Soon we thanked David enthusiastically for sharing his garden with us and then went our ways, pleased that our list of 34 species did not continue an observed slide but was slightly above the previous year.
Diane Tweeddale, coordinator BirdLife Melbourne weekdays outings

Beginners Outing to Newport Lakes and Jawbone Reserve

27 January 2018
Leaders: Hazel and Alan Veevers; Species count: 60
Chestnut Teal - Roger Needham
Chestnut Teal. Photo by Roger Needham

Despite the forecast for a hot and humid day, 37 members attended the January Beginners excursion. Many small birds were seen in the car park area, including surprisingly high numbers of Superb Fairy-wrens and Willie Wagtails. Soon after the walk started, a Royal Spoonbill was spotted circling high overhead. Whilst watching it, a Brown Goshawk appeared on the scene apparently inspecting the larger bird.

Dollarbird - Roger Needham
Dollarbird. Photo by Roger Needham

There was great excitement when a Dollarbird (seen two weeks earlier on the recce.) was spotted perched on the top of a tall dead tree-trunk rising from the water. It stayed in place for many minutes, enabling everyone to have a really good look.

Dollarbird - Eleanor Dilley
Dollarbird. Photo by Eleanor Dilley

A Little Black Cormorant and several Little Pied Cormorants were resting lower down in the same group of dead trees. One Little Pied Cormorant went fishing and caught and ate a decent sized one!

Little Pied Cormorant eating fish Newport Lakes 2018 01 27 800x500 M Serong

Little Pied Cormorant eating fish Newport Lakes - M Serong
Little Pied Cormorant feeding. Photos by Merrilyn Serong
0065 little pied cormorant eating fish newport lakes 2018 01 27 800x500 m serong
Little Pied Cormorant eating fish. Photo by Merrilyn Serong.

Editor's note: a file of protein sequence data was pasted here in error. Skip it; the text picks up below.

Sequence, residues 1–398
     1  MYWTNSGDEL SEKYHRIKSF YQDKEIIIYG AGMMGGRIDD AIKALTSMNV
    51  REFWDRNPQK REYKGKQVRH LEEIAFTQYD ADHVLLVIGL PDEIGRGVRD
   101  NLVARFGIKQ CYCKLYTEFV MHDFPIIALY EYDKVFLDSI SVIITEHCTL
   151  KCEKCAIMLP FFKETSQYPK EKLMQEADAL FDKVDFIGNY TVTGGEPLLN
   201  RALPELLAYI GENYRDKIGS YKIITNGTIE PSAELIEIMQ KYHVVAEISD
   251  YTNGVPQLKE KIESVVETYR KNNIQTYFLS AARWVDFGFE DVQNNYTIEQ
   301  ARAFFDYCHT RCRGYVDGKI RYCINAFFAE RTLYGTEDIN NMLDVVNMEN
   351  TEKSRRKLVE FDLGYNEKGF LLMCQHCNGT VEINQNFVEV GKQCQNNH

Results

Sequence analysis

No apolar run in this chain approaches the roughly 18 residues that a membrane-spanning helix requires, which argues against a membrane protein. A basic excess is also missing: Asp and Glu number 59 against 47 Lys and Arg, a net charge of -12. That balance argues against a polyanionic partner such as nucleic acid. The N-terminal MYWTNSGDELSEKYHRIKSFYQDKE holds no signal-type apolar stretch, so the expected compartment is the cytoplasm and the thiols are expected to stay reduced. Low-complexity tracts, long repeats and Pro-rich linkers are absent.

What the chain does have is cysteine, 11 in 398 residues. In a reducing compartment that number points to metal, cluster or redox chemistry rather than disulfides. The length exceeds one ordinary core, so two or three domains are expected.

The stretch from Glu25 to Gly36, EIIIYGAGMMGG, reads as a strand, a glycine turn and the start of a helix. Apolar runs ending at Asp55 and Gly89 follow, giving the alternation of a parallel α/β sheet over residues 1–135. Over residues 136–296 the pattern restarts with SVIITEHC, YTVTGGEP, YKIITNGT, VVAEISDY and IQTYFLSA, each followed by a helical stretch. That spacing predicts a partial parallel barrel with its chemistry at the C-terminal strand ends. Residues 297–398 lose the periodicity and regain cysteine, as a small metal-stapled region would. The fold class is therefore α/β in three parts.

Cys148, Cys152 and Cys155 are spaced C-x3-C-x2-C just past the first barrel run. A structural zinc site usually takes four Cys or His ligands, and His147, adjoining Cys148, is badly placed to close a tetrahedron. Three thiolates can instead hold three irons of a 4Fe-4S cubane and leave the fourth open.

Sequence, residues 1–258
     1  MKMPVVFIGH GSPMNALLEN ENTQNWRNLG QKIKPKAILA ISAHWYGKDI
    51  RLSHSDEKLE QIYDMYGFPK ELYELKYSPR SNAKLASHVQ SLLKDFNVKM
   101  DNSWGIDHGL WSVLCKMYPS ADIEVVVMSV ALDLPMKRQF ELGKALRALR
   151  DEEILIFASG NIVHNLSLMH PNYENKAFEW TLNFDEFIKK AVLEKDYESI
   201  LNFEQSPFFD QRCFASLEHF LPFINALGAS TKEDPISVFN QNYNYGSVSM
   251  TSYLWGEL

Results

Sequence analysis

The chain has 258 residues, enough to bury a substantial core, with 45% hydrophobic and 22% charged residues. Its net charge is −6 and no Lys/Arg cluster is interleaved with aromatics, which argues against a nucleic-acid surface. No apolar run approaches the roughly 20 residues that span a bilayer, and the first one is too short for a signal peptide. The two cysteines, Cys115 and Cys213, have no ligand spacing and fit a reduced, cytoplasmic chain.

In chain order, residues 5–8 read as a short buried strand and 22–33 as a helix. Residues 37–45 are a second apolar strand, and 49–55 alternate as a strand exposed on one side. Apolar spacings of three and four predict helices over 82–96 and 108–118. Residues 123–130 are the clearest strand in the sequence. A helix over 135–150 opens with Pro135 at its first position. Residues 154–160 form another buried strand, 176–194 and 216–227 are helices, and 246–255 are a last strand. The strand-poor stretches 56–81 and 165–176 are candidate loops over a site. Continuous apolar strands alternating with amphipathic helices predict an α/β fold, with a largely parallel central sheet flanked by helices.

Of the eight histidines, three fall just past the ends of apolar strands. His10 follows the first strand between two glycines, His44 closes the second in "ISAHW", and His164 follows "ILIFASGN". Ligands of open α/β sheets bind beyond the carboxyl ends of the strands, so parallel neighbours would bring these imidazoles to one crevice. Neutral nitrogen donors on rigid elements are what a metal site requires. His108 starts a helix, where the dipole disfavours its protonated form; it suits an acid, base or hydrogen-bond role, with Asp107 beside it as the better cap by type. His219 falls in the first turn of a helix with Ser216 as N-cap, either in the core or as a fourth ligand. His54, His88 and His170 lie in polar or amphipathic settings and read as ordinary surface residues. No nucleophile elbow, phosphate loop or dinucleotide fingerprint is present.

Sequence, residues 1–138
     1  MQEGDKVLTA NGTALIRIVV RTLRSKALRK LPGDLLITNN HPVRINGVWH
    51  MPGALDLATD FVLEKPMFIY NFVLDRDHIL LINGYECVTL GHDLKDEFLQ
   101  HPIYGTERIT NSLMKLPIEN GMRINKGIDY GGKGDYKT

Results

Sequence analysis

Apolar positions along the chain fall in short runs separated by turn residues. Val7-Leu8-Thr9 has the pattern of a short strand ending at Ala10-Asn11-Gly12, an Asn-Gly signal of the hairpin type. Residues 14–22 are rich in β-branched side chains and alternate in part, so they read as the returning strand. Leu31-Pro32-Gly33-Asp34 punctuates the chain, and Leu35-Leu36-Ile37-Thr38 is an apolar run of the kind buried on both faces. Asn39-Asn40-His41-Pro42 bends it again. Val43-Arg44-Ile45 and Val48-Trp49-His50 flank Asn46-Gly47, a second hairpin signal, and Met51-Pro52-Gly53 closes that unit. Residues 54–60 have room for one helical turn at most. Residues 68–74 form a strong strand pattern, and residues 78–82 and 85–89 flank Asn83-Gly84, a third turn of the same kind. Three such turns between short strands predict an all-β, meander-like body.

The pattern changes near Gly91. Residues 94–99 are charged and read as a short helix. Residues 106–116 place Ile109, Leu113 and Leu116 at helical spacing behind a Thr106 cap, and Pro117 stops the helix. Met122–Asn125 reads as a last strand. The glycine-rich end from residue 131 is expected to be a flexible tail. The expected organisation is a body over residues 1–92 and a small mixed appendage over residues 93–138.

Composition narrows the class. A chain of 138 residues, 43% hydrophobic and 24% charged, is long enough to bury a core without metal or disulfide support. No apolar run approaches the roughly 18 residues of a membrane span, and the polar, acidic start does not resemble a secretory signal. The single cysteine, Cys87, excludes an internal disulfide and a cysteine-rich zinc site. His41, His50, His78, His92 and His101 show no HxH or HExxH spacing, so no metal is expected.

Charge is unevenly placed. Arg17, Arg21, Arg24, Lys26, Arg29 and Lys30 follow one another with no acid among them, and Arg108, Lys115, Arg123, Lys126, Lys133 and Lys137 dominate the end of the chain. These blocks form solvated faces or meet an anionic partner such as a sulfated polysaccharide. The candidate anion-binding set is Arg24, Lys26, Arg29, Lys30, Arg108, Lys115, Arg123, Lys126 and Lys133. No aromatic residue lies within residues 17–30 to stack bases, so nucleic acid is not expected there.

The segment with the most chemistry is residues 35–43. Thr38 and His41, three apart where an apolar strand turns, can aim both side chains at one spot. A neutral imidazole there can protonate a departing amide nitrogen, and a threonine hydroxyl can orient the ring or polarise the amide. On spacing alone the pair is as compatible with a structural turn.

Continuing down-hill to the water level track enabled good views to be had of Australasian and Hoary-headed Grebes, as well as young Eurasian Coots begging for food from their parents.

Hoary-headed Grebes Newport Lakes - M Serong
Hoary-headed Grebes. Photo by Merrilyn Serong

There were very few ducks on the lake which may be attributed to the presence of some large carp which are known to nibble on the feet of ducks.

Young Eurasian Coot - Eleanor Dilley
Young Eurasian Coot. Photo by Eleanor Dilley

A welcome lunch was enjoyed in a convenient shaded picnic shelter near the car park. A bird call tallied 34 species for the morning at the lakes.

About 20 members stayed on to drive down Maddox Road to the shore for the afternoon session. The tide was rather high and no small waders were initially seen. However, several Common Greenshanks were observed as they foraged at the edge of the shore. A large group of Black Swans and Australian Pelicans were disturbed into flight by a very low-flying microlight aircraft.

Blue-billed Duck male Jawbone Res - M Serong
Blue-billed Duck. Photo by Merrilyn Serong

Nothing much was seen from the track across the salt marsh but walking around the first lake in Jawbone Reserve revealed a remarkable number of species. Included were Great-crested Grebe, Blue-billed Duck, Hardhead, Australasian Shoveler and Musk Duck.

Great Crested Grebe Jawbone Res - M Serong
Great-crested Grebe. Photo by Merrilyn Serong

Several Royal Spoonbills on a small island still had their breeding head plumes on display.

Royal Spoonbill - Eleanor Dilley
Royal Spoonbill. Photo by Eleanor Dilley

They were accompanied by both Chestnut and Grey Teal, mostly resting with their heads tucked under a wing.

Further into the reserve, many different birds were seen resting at the edge of an island in one of the lakes.

Black-winged Stilt - Roger Needham
Black-winged Stilt. Photo by Roger Needham

These included Black-winged Stilts, Pink-eared Ducks and several Pied Cormorants along with their smaller relatives.

Pied Cormorant - Eleanor Dilley
Pied Cormorant. Photo by Eleanor Dilley

Whilst watching the roosting birds, a White-faced Heron flew gracefully overhead as if to remind us it was time to turn for home.